Book 55: The Silkworm (Cormoran Strike #2) – Robert Galbraith (J.K. Rowling)

Galbraith, Robert (J.K. Rowling) - The SilkwormI don’t care what people say. I love J.K. Rowling.

She is a skilled story-teller and talented writer. With the two types of reactions most people have when they hear her name, it’s easy to see why she wanted her name kept far from her works as Robert Galbraith. Unfortunately, this didn’t happen, but this was a bonus for those of us who would never have discovered them.

On one side, you have those with visceral negative reactions to her and her writing. (A lot of the time by those who’ve never read her books.) And on the other side, you have the people who adore them solely because it’s J.K. Rowling; Obviously. Thankfully, I’m somewhere in the middle. I can both appreciate her as an evolving writer and find fault in her skills as a story-teller, especially in her post Harry Potter novels. (I’m still waiting for the, hmm Harry Potter isn’t as wondrous as I first thought it was moment, but it still hasn’t happened.)

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Book 65: The Cuckoo’s Calling (Cormoran Strike #1) – Robert Galbraith (J.K. Rowling)

Galbraith, Robert (J. K. Rowling - The Cuckoo's CallingI don’t know why I waited so long to read this book. If I guessed it’s probably the same reason I put off reading The Casual Vacancy, that I didn’t want Rowling to disappoint. And in this instance she didn’t!

With The Casual Vacancy Rowling faced a lot of justified criticism in that the book did nothing and went nowhere. And although I disagreed with the numerous critics, I can see why and how readers would think this. Personally, I preferred the quiet and slow reveal of the story line and the intimacy of all of the characters and the small-town feel. With The Cuckoo’s Calling Rowling answers all of this and more. She provides a fast-paced and gripping thriller with adult characters whom the reader can identify with. As I went into this book, this was my chief concern, whether or not Rowling could write a book solely featuring identifiable and sympathetic/empathetic adult characters.

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Book 57: The Secret Diaries of Charlotte Brontë – Syrie James

James, Syrie - The Secret Diaries of Charlotte BrontëAfter thoroughly enjoying The Missing Manuscript of Jane Austen and The Lost Memoirs of Jane Austen, it will come as no surprise that I enjoyed this book as well! It also doesn’t hurt that I always forget how much I love the Brontës when I’m not reading about them and then as soon as I start reading about them I quickly fall back in love with them. I’m super excited that I’ve got Wuthering Heights to re-read again this year!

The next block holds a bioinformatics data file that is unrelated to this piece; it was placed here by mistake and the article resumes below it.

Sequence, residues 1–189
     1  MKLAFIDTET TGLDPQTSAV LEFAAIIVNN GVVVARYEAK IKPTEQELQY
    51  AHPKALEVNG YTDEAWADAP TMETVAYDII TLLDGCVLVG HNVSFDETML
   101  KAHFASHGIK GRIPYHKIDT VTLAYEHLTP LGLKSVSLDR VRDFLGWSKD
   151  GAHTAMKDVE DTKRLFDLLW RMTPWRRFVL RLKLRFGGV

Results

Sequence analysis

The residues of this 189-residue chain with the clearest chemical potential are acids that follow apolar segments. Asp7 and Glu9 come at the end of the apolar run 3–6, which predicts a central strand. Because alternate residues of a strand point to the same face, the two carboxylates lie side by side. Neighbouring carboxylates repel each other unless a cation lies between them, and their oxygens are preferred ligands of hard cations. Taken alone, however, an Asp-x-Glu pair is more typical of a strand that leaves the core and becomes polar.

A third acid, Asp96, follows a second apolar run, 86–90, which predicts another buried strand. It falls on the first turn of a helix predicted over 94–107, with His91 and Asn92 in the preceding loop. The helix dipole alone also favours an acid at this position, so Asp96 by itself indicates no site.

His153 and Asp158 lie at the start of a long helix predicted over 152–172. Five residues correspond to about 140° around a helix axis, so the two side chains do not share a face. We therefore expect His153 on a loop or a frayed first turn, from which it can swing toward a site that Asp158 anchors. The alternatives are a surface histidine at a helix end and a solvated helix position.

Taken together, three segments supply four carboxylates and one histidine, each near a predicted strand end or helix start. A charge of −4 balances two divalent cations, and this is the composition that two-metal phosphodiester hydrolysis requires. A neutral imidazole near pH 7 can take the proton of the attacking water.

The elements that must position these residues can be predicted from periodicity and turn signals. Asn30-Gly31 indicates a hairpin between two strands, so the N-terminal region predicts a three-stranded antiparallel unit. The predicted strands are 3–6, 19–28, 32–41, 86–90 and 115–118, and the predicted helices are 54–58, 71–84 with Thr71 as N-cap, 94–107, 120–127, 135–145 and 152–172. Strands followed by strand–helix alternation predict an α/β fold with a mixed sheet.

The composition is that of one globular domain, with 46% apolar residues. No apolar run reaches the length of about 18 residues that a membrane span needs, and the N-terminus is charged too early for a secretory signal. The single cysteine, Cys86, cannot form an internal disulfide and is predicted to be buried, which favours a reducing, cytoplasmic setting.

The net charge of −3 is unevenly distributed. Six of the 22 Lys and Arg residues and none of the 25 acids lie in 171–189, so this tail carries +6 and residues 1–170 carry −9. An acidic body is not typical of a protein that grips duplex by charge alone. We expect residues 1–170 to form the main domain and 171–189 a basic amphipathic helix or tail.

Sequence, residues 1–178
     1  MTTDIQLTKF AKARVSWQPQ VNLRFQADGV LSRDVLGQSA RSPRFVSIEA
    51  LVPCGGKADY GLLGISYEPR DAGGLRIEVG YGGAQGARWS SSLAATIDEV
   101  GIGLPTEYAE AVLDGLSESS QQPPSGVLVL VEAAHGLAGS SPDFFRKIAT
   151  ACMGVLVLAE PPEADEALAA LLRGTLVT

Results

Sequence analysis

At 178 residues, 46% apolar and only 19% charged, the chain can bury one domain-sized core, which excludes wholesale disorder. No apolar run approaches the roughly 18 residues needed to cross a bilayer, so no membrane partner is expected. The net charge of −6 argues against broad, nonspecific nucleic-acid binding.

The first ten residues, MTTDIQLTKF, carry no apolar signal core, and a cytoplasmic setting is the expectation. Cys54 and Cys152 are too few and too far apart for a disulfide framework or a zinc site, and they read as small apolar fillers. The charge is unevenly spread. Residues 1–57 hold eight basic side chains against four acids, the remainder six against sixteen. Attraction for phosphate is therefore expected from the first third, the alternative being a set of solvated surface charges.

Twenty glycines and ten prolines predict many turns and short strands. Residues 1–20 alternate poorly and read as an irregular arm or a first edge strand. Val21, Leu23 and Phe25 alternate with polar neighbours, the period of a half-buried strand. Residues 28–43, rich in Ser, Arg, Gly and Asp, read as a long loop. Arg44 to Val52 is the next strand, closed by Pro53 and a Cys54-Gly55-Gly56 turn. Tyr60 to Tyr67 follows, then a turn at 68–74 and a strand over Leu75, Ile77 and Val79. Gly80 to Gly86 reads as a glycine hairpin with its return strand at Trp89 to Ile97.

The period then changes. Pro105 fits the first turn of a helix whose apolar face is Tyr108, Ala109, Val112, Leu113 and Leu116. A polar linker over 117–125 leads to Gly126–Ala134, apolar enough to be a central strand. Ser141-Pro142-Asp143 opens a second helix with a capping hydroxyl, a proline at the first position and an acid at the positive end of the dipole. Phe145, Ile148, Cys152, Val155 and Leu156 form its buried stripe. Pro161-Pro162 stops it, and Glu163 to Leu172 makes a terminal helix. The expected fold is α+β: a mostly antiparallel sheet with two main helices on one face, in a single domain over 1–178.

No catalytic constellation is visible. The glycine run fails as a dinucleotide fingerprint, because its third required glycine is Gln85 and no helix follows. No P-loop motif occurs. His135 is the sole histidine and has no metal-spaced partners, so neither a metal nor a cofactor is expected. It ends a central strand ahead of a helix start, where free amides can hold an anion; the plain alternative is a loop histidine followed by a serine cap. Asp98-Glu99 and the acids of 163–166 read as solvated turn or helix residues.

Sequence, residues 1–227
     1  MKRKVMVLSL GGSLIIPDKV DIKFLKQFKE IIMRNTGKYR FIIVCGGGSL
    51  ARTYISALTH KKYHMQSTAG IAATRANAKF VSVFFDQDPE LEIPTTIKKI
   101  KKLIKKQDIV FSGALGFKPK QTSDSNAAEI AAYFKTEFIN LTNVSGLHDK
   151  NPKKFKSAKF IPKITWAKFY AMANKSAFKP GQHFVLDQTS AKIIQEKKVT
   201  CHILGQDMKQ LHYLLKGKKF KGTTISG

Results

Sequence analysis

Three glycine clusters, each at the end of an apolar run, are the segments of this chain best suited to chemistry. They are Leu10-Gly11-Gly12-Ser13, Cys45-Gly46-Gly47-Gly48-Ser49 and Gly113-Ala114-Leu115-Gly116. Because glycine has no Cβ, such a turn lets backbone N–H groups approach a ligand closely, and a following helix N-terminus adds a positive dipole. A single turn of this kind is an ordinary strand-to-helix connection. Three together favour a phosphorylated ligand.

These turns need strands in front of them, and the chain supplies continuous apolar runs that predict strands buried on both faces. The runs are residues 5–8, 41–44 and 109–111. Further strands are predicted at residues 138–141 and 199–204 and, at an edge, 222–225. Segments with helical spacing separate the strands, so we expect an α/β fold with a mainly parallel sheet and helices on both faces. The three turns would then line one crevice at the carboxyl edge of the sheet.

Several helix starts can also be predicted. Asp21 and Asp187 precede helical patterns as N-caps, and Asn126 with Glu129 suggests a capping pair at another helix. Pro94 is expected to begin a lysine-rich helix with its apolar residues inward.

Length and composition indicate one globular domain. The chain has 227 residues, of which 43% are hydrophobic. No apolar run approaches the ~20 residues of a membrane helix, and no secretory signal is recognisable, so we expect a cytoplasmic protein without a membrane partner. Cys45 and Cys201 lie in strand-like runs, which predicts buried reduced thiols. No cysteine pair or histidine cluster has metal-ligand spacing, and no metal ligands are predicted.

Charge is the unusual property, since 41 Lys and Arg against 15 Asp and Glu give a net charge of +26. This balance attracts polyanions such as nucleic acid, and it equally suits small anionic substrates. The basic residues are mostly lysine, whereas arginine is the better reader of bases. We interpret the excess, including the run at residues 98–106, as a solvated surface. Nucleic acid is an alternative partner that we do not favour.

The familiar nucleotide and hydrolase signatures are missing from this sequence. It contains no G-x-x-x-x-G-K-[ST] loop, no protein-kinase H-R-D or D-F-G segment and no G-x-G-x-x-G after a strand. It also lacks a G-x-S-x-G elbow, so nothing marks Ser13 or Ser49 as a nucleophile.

The only other Brontë fan-fiction I’ve read was Becoming Jane Eyre in February of last year. I remember enjoying it and of course there were overlaps with this book, as this book covers a lot broader swath of time than the last. This book covers a long period of time and through flashbacks even includes a lot of the Brontës’ youth. It is noteworthy, although not shocking at all, that there are many similarities in writing style and stories in the two books. We know a lot more about the Brontë siblings than we know about say Austen or the more reclusive female writers.

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Book 42: The Guernsey Literary and Potato Peel Pie Society – Mary Ann Shaffer and Annie Barrows

Shaffer, Mary Ann and Annie Barrows - The Gurensey Literary and Potato Peel SocietyI didn’t want this book to end and that’s really all I want to write for this review, but I’ll harp on for a good while I’m sure. I’m sad that it’s over but happy that I read it. The ending made me both smile for the cuteness of it, but also made me sad it was finished! I wanted to know so much more about the characters and the stories and everything! There was just so much left unanswered, but not really because we’re left on the precipice of the amazing post-World War future. I bought a copy of this back in April of 2012, so it counts as a bonus book for my Mount TBR challenge.

Two things stood out for me in this book and those are the multitude of unique voices for the numerous characters and their point of views and the fact this was a World War II novel without the war taking the role of protagonist or overshadowing everything else.

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Book 41: Ten White Geese – Gerbrand Bakker

Bakker, Gerbrand - Ten White GeeseThis was an astoundingly beautiful novel and the more I think on and reflect about it, the more I probably should bump it up to five stars on Goodreads rather than just four, but as I think those are mostly arbitrary I doubt I will do it. The ending, although, beautiful, was just a bit lackluster to me. This some how marred the overall beauty of the novel, even though the only thing it really did wrong was not give me the satisfying ending that I wanted.

For once, I’m going to say something great about a  Goodreads review. Shocking, I know. When I went to mark this book off my list and to see how others rated it after I gave my rating, I happened to check out the first few reviews and the first review nailed my thoughts on this book with his first sentence:

The Detour (or Ten White Geese as it is published in the US) is an extremely difficult book to review; instead, it is one that the reader must experience directly, yielding to its ebbs and flows, its offerings and its closures.”

The rest of his short review is also fantastic, so you should go check it out here.

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